O My God! I am Thy slave, son of Thy slave, son of Thy slave-woman. I am utterly in Thy possession, my forehead is in Thy hand, Thy every writ is supreme in my affairs, Thy every decision is just and fair. I ask Thee by every name that Thou hast, that Thou hast called Thyself by, that Thou hast taught any of Thy creation, that Thou hast revealed in Thy Book, or that Thou has kept secret with Thyself. Make the Qur'an the spring of my heart, the light of my breast, the dispeller of my sorrows, the eraser of my anxieties and worries (Ahmad).
The following Du'a is usually said when one completes the reading of the whole of the Qur'an, but its contents are so comprehensive that frequently calling upon God through these words is sure to provide great blessings:
O my God! Bestow mercy upon me through the great Qur'an. Make it for me the leader, the light, the guide, the mercy. God! Remind me by it what I have forgotten, and teach me by it what I know not. Enable me that I read it by night and by day. Make it an argument in my favor. O Lord of the worlds.
Also seek His forgiveness (Istighfar) before, during, and after reading the Qur'an, in whatever words you may choose to do so. Three Quranic expressions you will find in Al 'Imran (3: 16), al-Mu'minun (23: 1}8), Al 'Imran (3: 193).
Apart from these specifically worded Du'a, you may turn to Allah in your own words and ask Him for various qualities and attitudes you need for benefiting from the Qur'an: Open my eyes; let me see the truth as Truth and the error as error; bless me with Your light that I may know Your way; support me in my endeavour, strengthen my will; grant me humility at the sight of Your words; grant me joy on receiving Your mercy and guidance; give me guidance in all my anxieties, in all my decisions, in all my affairs; give me resistance against all temptations, strength to perform all tasks, remove my laziness and lethargy; let Your words nourish my thought and action, satisfy my every need; let them bring calm while I am restless, comfort while I am in trouble; help me to study and understand, know and learn about You and Your guidance; grant me perseverance; let me not cease unless I succeed; rid me of my prejudices; grant me humility; grant me strength to accept and obey, and live what I learn; enable me to fulfil the mission that the Qur'an entrusts to me.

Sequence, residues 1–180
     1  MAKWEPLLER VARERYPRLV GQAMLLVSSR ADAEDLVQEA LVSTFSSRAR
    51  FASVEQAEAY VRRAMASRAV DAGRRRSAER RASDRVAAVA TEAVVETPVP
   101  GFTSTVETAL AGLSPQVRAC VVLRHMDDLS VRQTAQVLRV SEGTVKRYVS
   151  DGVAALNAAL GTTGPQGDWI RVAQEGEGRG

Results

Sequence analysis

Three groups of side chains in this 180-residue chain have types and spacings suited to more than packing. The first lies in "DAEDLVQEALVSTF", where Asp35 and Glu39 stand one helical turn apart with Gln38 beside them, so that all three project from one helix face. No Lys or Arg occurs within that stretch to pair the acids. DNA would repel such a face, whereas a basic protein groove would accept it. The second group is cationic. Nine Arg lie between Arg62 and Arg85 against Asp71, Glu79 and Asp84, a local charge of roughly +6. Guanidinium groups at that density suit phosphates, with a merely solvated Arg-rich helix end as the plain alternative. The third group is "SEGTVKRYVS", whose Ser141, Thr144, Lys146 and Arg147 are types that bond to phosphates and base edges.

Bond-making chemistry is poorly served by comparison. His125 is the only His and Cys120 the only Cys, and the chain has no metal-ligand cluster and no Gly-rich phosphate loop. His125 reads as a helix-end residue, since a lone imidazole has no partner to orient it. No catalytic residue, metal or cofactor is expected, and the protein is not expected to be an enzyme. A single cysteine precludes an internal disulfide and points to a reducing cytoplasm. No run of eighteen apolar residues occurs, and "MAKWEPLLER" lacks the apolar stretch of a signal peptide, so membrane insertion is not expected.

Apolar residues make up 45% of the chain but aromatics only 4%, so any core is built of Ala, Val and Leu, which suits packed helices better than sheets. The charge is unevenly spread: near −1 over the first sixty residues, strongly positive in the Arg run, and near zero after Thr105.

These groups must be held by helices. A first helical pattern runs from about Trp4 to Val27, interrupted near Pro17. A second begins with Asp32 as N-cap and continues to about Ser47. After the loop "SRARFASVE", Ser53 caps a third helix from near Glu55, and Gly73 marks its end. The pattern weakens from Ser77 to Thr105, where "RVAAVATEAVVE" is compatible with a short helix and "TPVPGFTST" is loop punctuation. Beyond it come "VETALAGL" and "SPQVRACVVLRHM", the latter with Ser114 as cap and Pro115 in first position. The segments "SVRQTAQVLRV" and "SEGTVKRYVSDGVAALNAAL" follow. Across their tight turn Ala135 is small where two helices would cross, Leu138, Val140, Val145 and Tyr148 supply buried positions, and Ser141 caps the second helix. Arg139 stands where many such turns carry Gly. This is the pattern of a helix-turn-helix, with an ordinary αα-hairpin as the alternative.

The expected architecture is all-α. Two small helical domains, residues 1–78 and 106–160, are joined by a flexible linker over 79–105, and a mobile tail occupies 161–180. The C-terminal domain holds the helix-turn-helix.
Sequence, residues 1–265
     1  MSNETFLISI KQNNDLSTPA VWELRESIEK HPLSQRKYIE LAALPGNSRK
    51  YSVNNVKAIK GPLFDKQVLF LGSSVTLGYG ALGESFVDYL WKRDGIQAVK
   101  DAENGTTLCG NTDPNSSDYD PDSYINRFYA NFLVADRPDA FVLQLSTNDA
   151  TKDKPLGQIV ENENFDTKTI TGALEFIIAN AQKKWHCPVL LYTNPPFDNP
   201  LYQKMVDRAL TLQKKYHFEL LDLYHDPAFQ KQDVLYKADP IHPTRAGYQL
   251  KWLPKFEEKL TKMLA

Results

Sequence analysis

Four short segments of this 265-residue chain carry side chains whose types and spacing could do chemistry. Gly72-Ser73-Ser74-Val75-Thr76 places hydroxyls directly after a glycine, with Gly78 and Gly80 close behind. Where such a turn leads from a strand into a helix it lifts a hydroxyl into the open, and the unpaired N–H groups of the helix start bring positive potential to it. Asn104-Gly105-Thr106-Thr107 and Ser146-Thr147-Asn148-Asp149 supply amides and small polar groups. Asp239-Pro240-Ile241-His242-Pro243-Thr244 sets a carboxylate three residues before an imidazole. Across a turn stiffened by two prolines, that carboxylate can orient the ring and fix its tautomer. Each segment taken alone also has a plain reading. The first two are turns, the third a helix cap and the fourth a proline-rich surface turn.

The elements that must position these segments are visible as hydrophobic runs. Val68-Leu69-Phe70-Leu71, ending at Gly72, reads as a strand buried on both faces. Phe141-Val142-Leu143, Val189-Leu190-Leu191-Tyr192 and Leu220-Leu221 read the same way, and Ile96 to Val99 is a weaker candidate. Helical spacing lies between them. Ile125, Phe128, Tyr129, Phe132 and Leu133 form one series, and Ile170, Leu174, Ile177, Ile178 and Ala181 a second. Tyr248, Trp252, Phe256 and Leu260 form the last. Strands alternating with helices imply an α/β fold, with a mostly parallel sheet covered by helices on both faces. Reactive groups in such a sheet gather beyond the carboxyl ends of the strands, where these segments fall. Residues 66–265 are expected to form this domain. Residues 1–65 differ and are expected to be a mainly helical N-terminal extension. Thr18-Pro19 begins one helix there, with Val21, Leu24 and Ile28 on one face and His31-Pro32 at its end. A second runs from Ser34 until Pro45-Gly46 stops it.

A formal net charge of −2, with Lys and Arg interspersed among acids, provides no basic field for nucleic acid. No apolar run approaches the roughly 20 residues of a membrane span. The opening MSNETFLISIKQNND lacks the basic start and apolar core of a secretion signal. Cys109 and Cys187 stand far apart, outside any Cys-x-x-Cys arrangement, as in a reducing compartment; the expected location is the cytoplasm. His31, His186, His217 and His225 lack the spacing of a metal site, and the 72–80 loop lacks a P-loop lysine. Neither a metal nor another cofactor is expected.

Reading with Comprehension
Last, but not in any way least, by comprehending what you are reading in the Qur'an you will need to involve your inner person. This may be one of the most important and most effective ways to participate.
While it is obligatory on everyone to understand what the Qur'an is saying to him before its message can penetrate into the heart, it is not an absolute condition without which one cannot share at all in the blessings of the Qur'an. There are many who understand every word of it, yet their hearts remain closed to the Qur'an; there are many who understand not a word yet they achieve intense states of devotion, a relationship with Allah, love and longing, nearness to Him, and obedience. This is because the relationship with the Qur'an is dependent on many factorsâ€”we have listed earlier seven prerequisites of which understanding is one. There will always be millions who will never learn Arabic nor be able to read a translation nor find time to spend on such pursuits. Yet even they must not despair. So long as they try their best to acquire the means to understand the Qur'an, so long as they approach it with the necessary conditions, so long as they sincerely attempt to live by the teachings of the Qur'an as they come to know of them through other sources, so long as they read the Qur'an even if they do not understand its meaning, they can hope to receive their share of its blessings.